Oct. 4, 2012
Back in the fall of her sophomore season, Kayla Evans came off the finish line of her first NCAA Cross Country Championships, thrilled to have contributed to a third-place team finish. The local product out of Bellarmine Prep, Evans was the 4A state cross country runner-up and her freshman year she redshirted in 2008 while the Huskies won the program's first national title. Evans worked her way into a key contributing role, but then was beset by a number of injuries. Her last postseason race came at the 2010 Pac-12 cross country race, and she was out of action entirely in 2011. Faced with a running crossroads, Evans says she was not ready to let it go, and a turning point came happily at last year's NCAA race, as she ran around as a spectator to cheer on her team, and realized she felt no more pain. Eleven months later, Evans has made it back into the lineup, limiting her mileage and thriving by not pushing herself as hard. At the Greater Louisville Classic last Saturday, Evans finished 23rd overall and fourth on the team as UW took second in the large field. She talked to GoHuskies.com about staying the course and her excitement to teach middle school science.
GoHuskies: Back on the travel squad this fall, is it tough to handle the missed classes?
Kayla Evans: I have actually had some really great professors; some of them are super interested to know what is going on, too. It is kind of fun, because they will ask you in class, "Oh how did you guys do?" Sometimes they will give you a shout out or add if they mention athletics at all, it is really neat. Most people understand that athletes don't just get special privileges they have to work really hard, too. It is like having a job outside of school, they are super understanding.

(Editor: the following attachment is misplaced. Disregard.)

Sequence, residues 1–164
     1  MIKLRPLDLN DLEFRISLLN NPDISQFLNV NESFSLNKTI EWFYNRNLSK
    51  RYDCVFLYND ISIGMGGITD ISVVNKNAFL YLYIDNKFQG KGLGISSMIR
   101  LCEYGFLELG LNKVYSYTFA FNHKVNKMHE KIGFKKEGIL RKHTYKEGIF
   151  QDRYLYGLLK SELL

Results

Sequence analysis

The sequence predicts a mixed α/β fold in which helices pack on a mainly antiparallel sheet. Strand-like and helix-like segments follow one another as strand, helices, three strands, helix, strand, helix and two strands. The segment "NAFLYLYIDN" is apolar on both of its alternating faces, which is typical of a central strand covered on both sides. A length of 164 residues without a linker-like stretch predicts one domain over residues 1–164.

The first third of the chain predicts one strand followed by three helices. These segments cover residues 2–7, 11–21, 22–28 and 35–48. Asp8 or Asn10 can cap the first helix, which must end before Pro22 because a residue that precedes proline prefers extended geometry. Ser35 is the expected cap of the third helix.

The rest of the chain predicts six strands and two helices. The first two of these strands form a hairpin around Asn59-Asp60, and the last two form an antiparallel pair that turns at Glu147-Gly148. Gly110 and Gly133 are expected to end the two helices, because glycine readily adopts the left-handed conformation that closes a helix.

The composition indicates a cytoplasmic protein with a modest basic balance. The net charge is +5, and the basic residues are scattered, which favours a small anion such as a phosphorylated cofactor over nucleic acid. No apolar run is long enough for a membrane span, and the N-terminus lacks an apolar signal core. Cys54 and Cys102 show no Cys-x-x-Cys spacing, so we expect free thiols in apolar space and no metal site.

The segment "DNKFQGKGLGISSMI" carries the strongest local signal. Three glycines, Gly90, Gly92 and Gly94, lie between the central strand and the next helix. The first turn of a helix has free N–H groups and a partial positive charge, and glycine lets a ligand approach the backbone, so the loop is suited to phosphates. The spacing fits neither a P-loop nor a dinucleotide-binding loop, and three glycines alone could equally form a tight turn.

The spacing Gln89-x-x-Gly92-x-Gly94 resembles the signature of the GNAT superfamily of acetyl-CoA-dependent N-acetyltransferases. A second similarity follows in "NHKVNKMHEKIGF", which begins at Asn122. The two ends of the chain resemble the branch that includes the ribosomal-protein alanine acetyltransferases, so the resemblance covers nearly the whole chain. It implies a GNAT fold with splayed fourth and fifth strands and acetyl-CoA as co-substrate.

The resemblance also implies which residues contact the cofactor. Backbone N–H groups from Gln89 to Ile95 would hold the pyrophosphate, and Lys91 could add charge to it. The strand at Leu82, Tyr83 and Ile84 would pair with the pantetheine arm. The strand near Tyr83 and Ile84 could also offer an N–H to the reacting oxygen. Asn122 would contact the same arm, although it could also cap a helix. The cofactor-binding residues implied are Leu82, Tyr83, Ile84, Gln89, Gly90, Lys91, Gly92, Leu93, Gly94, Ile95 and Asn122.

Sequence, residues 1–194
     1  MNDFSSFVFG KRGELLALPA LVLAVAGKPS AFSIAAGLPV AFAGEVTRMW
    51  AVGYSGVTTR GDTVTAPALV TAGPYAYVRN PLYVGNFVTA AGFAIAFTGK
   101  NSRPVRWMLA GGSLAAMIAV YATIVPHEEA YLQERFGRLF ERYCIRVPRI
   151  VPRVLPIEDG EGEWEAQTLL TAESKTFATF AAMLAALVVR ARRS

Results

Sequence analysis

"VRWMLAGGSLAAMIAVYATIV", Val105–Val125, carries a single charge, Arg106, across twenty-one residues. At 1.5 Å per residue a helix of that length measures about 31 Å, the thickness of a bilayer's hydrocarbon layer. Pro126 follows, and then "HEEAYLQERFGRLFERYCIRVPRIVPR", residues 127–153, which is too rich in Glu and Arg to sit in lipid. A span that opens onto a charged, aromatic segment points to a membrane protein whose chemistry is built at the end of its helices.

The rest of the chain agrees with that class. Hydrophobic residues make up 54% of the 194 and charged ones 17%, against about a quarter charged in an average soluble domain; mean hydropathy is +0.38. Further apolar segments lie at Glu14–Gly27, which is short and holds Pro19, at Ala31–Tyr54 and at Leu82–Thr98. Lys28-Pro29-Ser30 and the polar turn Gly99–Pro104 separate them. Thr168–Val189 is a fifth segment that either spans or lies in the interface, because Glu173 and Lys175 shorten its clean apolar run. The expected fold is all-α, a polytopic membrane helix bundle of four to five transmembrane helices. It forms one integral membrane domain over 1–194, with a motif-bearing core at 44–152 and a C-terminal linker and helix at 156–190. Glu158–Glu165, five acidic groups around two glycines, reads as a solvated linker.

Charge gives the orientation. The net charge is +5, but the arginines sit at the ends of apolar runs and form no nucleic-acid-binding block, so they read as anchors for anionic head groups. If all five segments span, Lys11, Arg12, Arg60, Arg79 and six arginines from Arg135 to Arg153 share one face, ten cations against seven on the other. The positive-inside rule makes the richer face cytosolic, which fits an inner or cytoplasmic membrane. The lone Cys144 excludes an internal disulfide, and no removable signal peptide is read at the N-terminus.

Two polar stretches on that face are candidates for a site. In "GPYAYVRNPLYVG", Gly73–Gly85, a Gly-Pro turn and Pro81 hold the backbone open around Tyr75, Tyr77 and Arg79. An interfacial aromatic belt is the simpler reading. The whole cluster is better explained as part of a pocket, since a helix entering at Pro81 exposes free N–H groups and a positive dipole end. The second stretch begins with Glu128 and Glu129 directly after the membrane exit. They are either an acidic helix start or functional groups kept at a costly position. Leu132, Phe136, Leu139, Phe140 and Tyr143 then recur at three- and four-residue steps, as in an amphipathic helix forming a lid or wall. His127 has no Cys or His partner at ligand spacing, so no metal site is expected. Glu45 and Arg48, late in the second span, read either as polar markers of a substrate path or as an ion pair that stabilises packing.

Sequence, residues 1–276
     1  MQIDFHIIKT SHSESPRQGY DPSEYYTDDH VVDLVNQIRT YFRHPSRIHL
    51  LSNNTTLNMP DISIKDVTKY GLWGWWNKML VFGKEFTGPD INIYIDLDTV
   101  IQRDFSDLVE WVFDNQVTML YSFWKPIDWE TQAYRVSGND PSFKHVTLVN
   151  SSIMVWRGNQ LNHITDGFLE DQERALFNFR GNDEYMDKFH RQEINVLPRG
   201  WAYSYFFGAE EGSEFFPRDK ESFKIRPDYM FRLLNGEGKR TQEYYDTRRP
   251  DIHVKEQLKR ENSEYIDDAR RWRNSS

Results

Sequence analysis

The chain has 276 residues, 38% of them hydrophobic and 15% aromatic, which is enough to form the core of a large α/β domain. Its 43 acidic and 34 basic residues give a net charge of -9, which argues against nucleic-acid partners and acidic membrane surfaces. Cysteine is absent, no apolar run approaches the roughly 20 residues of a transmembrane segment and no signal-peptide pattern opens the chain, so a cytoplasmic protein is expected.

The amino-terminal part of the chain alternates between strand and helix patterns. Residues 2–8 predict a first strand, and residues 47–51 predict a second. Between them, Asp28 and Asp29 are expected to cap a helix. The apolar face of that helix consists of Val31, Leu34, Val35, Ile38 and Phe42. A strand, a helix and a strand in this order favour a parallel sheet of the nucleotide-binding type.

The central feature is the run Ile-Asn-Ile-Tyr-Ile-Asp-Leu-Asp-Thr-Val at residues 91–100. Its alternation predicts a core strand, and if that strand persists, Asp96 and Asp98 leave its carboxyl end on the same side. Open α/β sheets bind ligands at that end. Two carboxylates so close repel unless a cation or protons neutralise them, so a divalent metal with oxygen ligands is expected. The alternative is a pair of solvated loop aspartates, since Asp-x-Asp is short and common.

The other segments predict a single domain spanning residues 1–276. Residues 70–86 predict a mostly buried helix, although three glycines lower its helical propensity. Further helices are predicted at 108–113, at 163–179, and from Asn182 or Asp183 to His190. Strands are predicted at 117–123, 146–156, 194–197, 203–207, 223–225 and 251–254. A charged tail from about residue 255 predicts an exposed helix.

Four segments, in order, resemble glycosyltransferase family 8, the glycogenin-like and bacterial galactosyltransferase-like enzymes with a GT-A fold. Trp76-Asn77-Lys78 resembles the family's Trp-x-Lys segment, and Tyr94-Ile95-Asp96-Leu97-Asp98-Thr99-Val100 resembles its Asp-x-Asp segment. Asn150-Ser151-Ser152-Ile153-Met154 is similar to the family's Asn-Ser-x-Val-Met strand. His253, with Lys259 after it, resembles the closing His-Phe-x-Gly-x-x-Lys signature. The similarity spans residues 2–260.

GH: How close are you to finishing your Bachelor's degree?
KE: I am very close. My plan is to graduate after winter quarter, but I still have a lot of things to finish up, both with undergraduate research and finishing things up for the honors program. I will then graduate with my biology degree and a minor in education and university honors too, which will be pretty cool!
GH: Is that leading you towards being a science teacher?
KE: Yeah, that is exactly what I want to do! Every time I tell people about it too they are amazed, when I admit that I want to teach middle school science, because that is the job that people probably least want to do: teach middle school students and teach them science. But at least for me there is a big hole there, and you need to get through to them and make them fall in love with science, but they are just built to rebel and push back. It will be exciting and a journey, but I plan on starting grad school for my Masters and potentially teaching next fall of the following spring either at UW Bothell or here at UW Seattle.
GH: Do you have a full track season ahead of you, too?
KE: Yeah, I am planning on competing all through this year, I have everything left: cross country, indoor, and outdoor, and then I will be done after that.
GH: So would you be done with classes for track season?
KE: Possibly, I might be doing some follow-up work on my research. There is the potential to have several papers come out of it and then some symposiums or maybe even a national conference, we will have to see where that goes, but in terms of actual credits and school classes I won't have any, but I might take the opportunity to volunteer a bunch in middle school classes. I did that last year, volunteered at two different schools in the spring and I loved it, it was so much fun. It's good experience, too.
GH: At practice, you've got some of the freshmen sitting around here talking about eating in the dorms and their classes have just started, does it seem like the time has flown by now?
KE: Yeah, it really does! It was such a long time ago, now I am a fifth year and really almost everyone I started school with is gone. There are four of us total that are still left in our class and it is insane to think that not that long ago I was the freshman coming in and really unsure what was going on, trying to fit in and find your place. It is a big change and a little scary moving on with the rest of life, but I am excited for it. But I knew that I had to come back for a fifth year, that I wasn't ready to leave yet.
GH: Obviously it's been a long road for you through injuries, can you retrace what it took to come back?